• 37. Comparative Advertising Industry Self-Regulation: • Advertising Standards Canada (ASC) offers a trade dispute procedure, similar but not identical to the US NAD process. • It is a relatively cheap and expeditious alternative to litigation • No guarantee of a ruling within 60 days (NAD) but usually complete within roughly 6 to 8 weeks. • Mandatory initial resolution meeting between parties, then hearing before a 5 member industry panel. • Unlike NAD, the entire process (including the fact that a complaint was filed, the positions of the parties, and the decision) are confidential. Exception: ASC reserves the right to “go public” if the defendant advertiser does not comply with the ASC decision. 37
  • 38. Canadian Privacy Law The Personal Information Protection and Electronic Documents Act (“PIPEDA”) Regulates the collection, use, and disclosure of personal information in the private sector. PIPEDA: 1. States that personal information may only be collected, used or disclosed with the knowledge and consent of the individual; 2. Limits the collection of personal information to what is necessary for the purpose(s) stated; 3. Requires that personal information be collected by fair and lawful means; and 4. Requires opt-in consent in certain situations, but generally allows opt-out consent where above requirements met and not sensitive information. Online behavioral advertising is the same between Canada and the US 38
  • 39. U.S. Privacy Law • No Federal Law but FTC's Five “Fair Information Practice Principles.” These five principles outline the rights of Notice, Choice, Access, Security, and Enforcement. • Behavioral Advertising • California requires privacy policies for websites and mobile applications which collect personal information and requires certain disclosures. Requires additional disclosures for websites which share personal information. 39
  • 40. Misleading Comparative Advertising Competition Bureau Enforcement: • The misleading advertising prohibition is enforced via either a civil or criminal “track”. Civil Penalties: • Individuals – first offence: $750K; subsequent offence: $1 Million • Corporations – first offence: $10 Million; subsequent offence: $15 Million Criminal: • Maximum term of imprisonment 14 years. Other Remedies: • In addition to cease and desist orders and corrective advertising, the Bureau may now seek a restitution order, and/or an injunction to freeze assets. 40
  • 41. Recent Major False Advertising Award Bell Consent Agreement • Bell entered a consent agreement with the Competition Bureau for $10 million dollars over misleading advertisements • Many of Bell's services (wireless, home phone, internet, satellite TV) were not available at the prices advertised because of additional, mandatory fees • Small, “hidden” disclaimers did not save advertisements since they contradicted the main message according the Competition Bureau 41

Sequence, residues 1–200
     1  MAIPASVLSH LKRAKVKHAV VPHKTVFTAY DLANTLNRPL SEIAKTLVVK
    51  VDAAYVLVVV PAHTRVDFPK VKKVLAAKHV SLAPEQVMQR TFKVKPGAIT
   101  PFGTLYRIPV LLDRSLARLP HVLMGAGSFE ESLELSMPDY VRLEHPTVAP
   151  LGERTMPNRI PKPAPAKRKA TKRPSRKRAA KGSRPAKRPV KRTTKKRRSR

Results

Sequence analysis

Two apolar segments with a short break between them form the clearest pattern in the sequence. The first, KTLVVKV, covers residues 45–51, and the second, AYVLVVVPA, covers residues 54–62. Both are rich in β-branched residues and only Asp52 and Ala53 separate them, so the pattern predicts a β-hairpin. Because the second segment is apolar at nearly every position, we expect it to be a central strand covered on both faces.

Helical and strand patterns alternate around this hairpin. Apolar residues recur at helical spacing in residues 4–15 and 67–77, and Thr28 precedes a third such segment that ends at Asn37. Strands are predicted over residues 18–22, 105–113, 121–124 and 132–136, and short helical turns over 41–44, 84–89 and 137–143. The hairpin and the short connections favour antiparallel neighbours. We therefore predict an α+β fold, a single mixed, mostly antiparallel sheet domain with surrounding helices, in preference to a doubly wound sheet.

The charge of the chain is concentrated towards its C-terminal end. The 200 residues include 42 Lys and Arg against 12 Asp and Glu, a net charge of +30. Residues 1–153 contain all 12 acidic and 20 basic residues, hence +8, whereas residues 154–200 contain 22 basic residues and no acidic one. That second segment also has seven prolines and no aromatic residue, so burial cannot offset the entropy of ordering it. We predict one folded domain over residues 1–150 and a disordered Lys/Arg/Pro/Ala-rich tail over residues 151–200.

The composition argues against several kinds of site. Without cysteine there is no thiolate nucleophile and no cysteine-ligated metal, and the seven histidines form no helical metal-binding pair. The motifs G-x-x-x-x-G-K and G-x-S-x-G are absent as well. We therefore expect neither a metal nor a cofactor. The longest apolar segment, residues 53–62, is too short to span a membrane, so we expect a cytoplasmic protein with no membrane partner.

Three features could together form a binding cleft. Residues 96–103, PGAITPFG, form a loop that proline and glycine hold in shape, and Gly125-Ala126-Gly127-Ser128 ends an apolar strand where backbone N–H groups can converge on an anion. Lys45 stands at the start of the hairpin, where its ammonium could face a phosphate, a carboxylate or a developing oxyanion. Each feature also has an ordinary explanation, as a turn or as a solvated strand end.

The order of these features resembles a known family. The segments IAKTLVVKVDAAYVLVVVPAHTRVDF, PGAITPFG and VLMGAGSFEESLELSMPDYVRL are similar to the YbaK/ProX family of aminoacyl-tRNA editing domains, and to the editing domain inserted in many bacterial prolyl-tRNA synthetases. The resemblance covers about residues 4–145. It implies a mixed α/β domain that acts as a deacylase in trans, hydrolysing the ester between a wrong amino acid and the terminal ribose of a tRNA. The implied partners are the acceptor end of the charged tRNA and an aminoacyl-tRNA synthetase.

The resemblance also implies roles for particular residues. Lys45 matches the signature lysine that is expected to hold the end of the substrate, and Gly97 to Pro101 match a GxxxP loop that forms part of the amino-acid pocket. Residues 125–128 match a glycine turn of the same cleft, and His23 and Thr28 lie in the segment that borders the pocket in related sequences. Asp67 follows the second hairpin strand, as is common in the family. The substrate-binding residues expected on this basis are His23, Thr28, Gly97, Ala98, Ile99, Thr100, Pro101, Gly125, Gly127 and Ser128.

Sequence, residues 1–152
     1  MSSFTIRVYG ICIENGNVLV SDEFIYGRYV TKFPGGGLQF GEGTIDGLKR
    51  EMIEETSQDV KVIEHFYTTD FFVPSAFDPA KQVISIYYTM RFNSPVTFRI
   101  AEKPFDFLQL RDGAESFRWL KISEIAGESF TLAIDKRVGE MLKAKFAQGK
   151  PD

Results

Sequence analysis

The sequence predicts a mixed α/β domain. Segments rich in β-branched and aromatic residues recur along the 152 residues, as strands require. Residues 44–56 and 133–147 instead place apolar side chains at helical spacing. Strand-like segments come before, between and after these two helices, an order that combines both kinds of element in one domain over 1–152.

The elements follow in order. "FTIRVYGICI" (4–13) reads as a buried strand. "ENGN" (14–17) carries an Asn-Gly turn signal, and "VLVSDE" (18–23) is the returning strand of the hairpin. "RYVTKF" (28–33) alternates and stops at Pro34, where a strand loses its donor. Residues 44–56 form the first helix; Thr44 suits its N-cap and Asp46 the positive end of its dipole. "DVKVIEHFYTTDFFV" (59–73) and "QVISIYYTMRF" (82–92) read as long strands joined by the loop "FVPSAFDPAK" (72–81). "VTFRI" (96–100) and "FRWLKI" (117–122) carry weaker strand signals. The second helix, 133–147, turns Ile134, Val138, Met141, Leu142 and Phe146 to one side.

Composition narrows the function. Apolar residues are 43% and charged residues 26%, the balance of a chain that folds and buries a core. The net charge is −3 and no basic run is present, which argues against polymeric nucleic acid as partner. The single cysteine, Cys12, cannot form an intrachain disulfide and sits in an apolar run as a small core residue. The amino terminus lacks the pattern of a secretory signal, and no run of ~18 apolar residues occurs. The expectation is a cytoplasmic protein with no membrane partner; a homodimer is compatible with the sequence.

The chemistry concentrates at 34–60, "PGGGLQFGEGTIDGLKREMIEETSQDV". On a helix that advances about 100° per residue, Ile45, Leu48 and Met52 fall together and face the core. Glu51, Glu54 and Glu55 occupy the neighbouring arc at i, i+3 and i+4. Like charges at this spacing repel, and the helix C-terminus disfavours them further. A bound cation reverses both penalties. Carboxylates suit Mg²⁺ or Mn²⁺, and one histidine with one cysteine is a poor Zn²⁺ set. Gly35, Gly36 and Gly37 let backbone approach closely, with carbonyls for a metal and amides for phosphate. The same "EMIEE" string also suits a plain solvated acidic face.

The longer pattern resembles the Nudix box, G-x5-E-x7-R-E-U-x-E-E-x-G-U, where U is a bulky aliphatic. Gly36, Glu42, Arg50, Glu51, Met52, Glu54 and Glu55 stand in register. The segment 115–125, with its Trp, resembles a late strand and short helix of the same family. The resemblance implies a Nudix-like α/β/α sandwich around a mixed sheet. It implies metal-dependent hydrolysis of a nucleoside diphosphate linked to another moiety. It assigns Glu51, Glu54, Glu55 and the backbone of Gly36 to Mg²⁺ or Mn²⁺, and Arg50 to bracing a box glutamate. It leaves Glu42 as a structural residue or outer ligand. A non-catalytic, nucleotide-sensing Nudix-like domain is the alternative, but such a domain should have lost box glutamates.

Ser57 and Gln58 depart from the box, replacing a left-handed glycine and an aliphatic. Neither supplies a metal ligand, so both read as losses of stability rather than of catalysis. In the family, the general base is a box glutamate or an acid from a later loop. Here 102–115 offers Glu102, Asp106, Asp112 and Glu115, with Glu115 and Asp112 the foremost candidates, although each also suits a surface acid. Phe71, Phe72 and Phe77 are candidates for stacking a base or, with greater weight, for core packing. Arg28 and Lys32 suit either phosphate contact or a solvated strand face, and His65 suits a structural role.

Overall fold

• 42. Recent Major False Advertising Award Richard v Time • Headline statements made in direct mailing indicated Richard had won $833,337 • Small print qualified it by saying that these headlines are what they would announce if he entered and happened to be the winner • Supreme Court of Canada found these misleading • $16,000 in damages 42
  • 43. Recent Major False Advertising Award NIVEA My Silhouette • NIVEA entered a consent agreement with the Competition Bureau for $80,000 and a retraction of claims • Advertising had suggested that regular use of the product slims and reshapes the body, causing a reduction of up to three centimeters on targeted areas 43
  • 44. What’s the Worst Thing That Can Happen • Pull/Modify Expensive Advertising • But … 44
  • 45. Pulling the Ad Is Not the Worst Thing… • Could Also be Assessed • Monetary Penalties • Fine • Damages • Profits • FTC Consent Order/State Attorney General Settlement • Corrective Advertising • Criminal Penalties • Waste of Time and Money 45
  • 46. Recent Major False Advertising Award • Reebok pays $25 million in Customer Refunds following FTC settlement. • Allegedly false claims made in connection with EasyTone & RunTone “toning shoes.” 46
  • 47. Recent Major False Advertising Award • Dannon settled class action for $45 million. • Allegedly false health claims regarding Activa and DanActive. 47
  • 48. Thank You Brenda Pritchard, Partner Tel: 416-862-5716 Email: brenda.pritchard@gowlings.com Jason Gordon, Associate Tel: 312-558-6145 Email: jwgordon@winston.com montréal ottawa toronto hamilton waterloo region calgary vancouver moscow london